nozzles, oil filters and clean the flue passages. When I looked at our
natural gas boiler after the first year there was no need to clean
anything and there are no filter or nozzles to replace. This has been
true for over 30 years. And since it doesn't need a high pressure pump
to atomize fuel electricity costs are lower.
I have a friend who only has gas heat. I noted to him the like $8/mo
he's paying from about April - October for the zero gas he's using.
Tanks are cheap (at least indoor ones), and indoor ones do not require
periodic replacement, nor do newly installed double wall underground
Maintenance is not "a lot more involved", replacing a $6 nozzle and $2
filter is pretty damn negligible and they really are only needed every
few years. They are commonly done annually simply because they are so
cheap. Cleaning isn't generally necessary annually either with a modern
oil burner that is correctly adjusted as there is very little soot.
Electricity costs to run the burner motor are quite negligible and both
oil and gas systems need electricity for blower motors or circulator
Perhaps "cheap" is a relative term. I paid $750.00 CDN for the
installation of my indoor tank four years ago and this was a
discounted price that required a minimum one-year commitment with my
fuel oil supplier (Scotia Fuels).
More to the point, good friends of mine own a ski chalet in northern
Nova Scotia. Their oil tank was located outside and two years ago
someone had been stealing their heating oil by disconnecting the
bottom feed line. Unfortunately, they didn't properly reconnect it
and some 500 to 900 litres of heating oil leaked into the ground and
contaminated a number of neighbouring wells. And as luck would have
it, they also stole from the church next door, with the exaxt same
So, the long and the short is that they were sued and the insurance
company covered only part of their legal and clean-up costs and now
they can't buy homeowners insurance. Moreover, they're can't sell
their home because there's still evidence of ground contamination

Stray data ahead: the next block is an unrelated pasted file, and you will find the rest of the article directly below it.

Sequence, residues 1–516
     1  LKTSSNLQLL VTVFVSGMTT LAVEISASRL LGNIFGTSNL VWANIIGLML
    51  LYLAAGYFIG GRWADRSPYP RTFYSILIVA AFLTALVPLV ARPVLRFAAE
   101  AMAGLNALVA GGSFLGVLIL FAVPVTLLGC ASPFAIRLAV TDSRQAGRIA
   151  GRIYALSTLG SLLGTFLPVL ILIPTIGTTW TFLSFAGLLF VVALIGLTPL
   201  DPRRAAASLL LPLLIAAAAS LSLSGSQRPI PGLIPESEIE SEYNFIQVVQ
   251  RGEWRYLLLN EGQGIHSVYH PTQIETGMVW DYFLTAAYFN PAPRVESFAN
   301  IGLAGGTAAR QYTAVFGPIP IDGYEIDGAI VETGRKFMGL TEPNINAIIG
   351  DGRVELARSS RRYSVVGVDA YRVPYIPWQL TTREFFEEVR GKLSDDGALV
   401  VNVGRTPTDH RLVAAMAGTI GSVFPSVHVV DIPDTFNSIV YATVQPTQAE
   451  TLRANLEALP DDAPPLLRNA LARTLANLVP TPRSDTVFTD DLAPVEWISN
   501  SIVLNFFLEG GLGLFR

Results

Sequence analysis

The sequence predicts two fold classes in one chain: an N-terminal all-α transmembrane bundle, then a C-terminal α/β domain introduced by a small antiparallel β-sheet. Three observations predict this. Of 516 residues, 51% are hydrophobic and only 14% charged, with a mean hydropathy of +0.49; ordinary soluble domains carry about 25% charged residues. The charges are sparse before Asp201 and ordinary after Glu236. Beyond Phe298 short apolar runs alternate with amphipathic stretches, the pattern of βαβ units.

(which might very well be from the neighbouring church). Needless to
say, you don't discuss "the high cost of home heating oil" in their
For more information on heating oil tanks and the potential risk of
oil spills, see:
Natural gas here in Nova Scotia is available to probably less than
1,000 homes at this time (virtually all of the natural gas produced in
this province is shipped off to New England, which is kind of a sore
point for many Nova Scotians).
Be that as it may, according to Heritage Gas, our local distributor,
natural gas currently costs $11.31 per GJ. On a heat content basis,
that's said to be the equivalent of paying $0.43 per litre for fuel
oil, $0.29 per litre for propane and $0.0407 per kWh for electricity.
On Friday, my heating oil supplier (Scotia Fuels) quoted me $0.819 per
litre, which puts the relative cost of home heating oil at nearly
twice that natural gas. As of my last propane delivery this past
January, I paid Superior Propane $1.009 per litre, which places
propane at roughly 3.5 times the cost of natural gas. Lastly, Nova
Scotia Power charges $0.1013 per kWh, so electricity works out to be
about 2.5 times more costly (conversion efficiency aside).
Funny, I could have sworn you were complaining about the "monopoly" of the
local natural gas distribution company, as opposed to all of those price
choices you get with oil. What good is a monopoly if you're not jacking up
the price, right?
Well, if the theft of heating oil could expose me to this kind of
liability it would certainly be of concern to me. My friends are now
estranged from their neighbours (it didn't do much for their own
marriage either), their property and that of their neighbours has been
torn-up to remove the contaminated soil, they're out of pocket a
considerable amount of money, they can no longer get homeowner's
insurance and they can't sell this property because the Department of
Environment won't sign off on the clean-up (apparently they're still
detecting traces of oil). It's just one big mess.
Be it related to theft as in this case, a leaking tank or falling ice
damaging the supply line, the consequences of a fuel oil spill are
pretty grim no matter how you look at it.
Generally speaking, an inside tank is your best choice. That said,
thirty years ago, my mother's oil tank, which was in located inside a
finished basement, began leaking while she was away on holidays. The